A New Magic Number for Tracking Steps.

Position:YOUR LIFE

In the world of step goals and activity trackers, the number 10,000 can sound like a magic one. A large body of evidence shows that physical activity is good for health and longevity, and many wearable devices that track the steps a person takes each day come preprogrammed with a daily goal of 10,000--but few studies have examined how many steps a day are associated with long-term health outcomes.

A study led by investigators from Boston's Brigham and Women's Hospital sought to address this knowledge gap by examining outcomes over an average of more than four years for older females in the Women's Health Study.

The team reports that, among this cohort, as few as 4,400 steps a day was significantly associated with lower risk of death compared with taking 2,700 steps a day. Risk of death continued to decrease with more steps taken, but leveled off at around 7,500 steps a day--less than the default goal in many wearables. The team's results were presented at the American College of Sports Medicine's annual meeting and published in JAMA Internal Medicine.

'Taking 10,000 steps a day can sound daunting, but we find that even a modest increase in steps taken is tied to significantly lower mortality in older women," says I-Min Lee, epidemiologist in the Division of Preventive Medicine at Brigham. "Our study adds to a growing understanding of the importance of physical activity for health, clarifies the number of steps related to lower mortality, and amplifies the message 'step more.' Even a little more is helpful."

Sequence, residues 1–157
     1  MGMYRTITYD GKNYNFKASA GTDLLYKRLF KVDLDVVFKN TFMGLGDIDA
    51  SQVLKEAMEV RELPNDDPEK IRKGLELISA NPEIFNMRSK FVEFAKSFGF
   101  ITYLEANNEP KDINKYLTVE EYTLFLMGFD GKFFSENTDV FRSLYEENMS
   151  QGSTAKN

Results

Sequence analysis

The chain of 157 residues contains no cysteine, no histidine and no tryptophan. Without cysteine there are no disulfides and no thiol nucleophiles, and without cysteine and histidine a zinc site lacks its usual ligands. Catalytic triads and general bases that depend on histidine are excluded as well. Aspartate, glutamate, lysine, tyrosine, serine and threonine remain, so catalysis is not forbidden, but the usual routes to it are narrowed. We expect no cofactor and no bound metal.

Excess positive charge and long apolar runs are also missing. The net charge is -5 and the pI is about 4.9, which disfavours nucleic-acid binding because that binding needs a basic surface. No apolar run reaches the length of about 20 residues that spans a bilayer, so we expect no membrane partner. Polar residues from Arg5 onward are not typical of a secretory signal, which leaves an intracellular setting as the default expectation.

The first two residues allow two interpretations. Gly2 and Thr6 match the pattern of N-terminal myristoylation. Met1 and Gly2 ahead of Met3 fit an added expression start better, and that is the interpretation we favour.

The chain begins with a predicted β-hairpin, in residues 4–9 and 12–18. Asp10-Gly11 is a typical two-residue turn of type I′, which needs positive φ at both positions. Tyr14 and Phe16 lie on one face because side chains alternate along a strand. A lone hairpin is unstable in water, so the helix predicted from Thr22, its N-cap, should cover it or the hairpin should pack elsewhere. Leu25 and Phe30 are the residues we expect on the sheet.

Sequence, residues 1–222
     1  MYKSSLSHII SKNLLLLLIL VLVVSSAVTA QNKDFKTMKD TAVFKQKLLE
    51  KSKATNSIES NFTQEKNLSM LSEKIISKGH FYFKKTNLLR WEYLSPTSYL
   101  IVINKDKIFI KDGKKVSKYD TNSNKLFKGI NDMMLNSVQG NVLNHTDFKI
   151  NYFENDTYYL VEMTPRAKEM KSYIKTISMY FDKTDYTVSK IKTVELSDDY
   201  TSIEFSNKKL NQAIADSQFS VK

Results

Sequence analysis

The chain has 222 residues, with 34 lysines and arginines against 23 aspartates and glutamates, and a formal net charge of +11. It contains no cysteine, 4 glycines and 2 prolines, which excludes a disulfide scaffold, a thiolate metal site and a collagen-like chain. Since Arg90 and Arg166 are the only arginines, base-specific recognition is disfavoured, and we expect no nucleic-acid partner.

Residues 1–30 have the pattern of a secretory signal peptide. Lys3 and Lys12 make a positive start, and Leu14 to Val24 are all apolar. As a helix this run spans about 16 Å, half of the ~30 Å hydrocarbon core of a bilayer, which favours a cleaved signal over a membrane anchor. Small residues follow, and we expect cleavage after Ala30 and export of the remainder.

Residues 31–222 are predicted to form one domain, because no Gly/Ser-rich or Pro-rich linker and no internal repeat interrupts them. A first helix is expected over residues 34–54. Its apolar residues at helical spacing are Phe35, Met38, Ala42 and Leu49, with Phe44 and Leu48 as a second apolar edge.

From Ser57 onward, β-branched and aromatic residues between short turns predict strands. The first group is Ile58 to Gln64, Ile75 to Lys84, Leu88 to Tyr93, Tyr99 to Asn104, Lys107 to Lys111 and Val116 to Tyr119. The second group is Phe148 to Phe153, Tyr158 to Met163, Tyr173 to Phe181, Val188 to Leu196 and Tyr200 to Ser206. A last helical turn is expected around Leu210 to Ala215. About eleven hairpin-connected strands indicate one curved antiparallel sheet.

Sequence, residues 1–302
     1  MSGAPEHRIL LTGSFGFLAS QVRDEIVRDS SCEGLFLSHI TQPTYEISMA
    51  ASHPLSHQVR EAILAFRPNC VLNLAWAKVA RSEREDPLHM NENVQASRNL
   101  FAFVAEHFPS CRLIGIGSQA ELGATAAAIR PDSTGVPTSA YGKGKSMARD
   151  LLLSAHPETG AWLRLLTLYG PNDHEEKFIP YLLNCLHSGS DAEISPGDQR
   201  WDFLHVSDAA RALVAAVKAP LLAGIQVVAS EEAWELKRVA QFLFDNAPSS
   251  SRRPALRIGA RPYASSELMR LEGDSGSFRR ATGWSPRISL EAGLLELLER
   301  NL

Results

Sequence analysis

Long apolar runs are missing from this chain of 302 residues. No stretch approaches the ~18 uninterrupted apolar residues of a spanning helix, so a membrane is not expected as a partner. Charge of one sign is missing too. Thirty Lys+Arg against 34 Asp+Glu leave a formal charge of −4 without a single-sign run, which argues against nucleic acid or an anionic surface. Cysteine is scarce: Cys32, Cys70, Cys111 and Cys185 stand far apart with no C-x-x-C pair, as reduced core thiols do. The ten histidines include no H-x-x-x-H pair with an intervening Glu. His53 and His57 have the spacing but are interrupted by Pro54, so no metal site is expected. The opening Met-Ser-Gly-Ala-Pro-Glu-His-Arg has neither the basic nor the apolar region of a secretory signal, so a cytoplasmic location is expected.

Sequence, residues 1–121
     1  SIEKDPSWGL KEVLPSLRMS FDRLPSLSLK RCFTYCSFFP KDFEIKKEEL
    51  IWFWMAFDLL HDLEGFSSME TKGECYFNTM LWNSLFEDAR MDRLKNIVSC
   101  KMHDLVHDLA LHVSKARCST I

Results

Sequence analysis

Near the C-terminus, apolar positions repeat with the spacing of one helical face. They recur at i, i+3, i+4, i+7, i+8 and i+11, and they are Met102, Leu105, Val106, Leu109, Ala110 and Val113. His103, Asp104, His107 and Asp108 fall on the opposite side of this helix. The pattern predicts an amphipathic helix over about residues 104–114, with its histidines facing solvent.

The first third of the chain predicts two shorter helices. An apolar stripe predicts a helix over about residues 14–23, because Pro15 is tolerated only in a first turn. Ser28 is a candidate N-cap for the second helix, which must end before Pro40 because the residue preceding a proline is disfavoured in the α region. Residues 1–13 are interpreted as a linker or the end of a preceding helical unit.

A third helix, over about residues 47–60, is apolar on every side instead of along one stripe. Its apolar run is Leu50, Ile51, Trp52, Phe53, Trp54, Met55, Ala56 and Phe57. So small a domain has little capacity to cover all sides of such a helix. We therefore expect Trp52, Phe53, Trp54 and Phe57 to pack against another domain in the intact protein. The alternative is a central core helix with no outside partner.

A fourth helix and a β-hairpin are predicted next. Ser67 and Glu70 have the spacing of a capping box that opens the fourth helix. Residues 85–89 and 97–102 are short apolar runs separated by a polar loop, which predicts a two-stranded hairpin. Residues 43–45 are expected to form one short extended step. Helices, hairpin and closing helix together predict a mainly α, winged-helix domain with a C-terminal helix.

According to previous studies, the average American takes between 4,000 and 5,000 steps a day. The origin of the 10,000-step goal is unclear, but may trace back to 1965, when a Japanese company began marketing a pedometer called Amanpo-Kei, which translates to "10,000 steps meter" in Japanese.

To conduct their study, Lee and her colleagues included participants from the Women's Health Study, a randomized trial originally conducted to evaluate risk of cardiovascular disease and cancer among women taking low-dose aspirin and vitamin E. When the original trial ended, participants...

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